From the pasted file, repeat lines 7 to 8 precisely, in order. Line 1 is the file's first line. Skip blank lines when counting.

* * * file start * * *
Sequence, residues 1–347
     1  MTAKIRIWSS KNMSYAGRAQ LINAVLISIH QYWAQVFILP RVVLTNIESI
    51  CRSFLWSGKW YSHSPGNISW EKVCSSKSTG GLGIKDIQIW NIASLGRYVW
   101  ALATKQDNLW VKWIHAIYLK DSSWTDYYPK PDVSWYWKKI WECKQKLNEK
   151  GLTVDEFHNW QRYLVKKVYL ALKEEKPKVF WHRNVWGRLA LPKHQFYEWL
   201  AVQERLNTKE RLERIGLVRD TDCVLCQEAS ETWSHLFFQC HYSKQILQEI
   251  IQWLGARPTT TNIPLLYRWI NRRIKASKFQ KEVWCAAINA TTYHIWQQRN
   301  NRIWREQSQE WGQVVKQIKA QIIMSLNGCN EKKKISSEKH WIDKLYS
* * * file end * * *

   251  IQWLGARPTT TNIPLLYRWI NRRIKASKFQ KEVWCAAINA TTYHIWQQRN
   301  NRIWREQSQE WGQVVKQIKA QIIMSLNGCN EKKKISSEKH WIDKLYS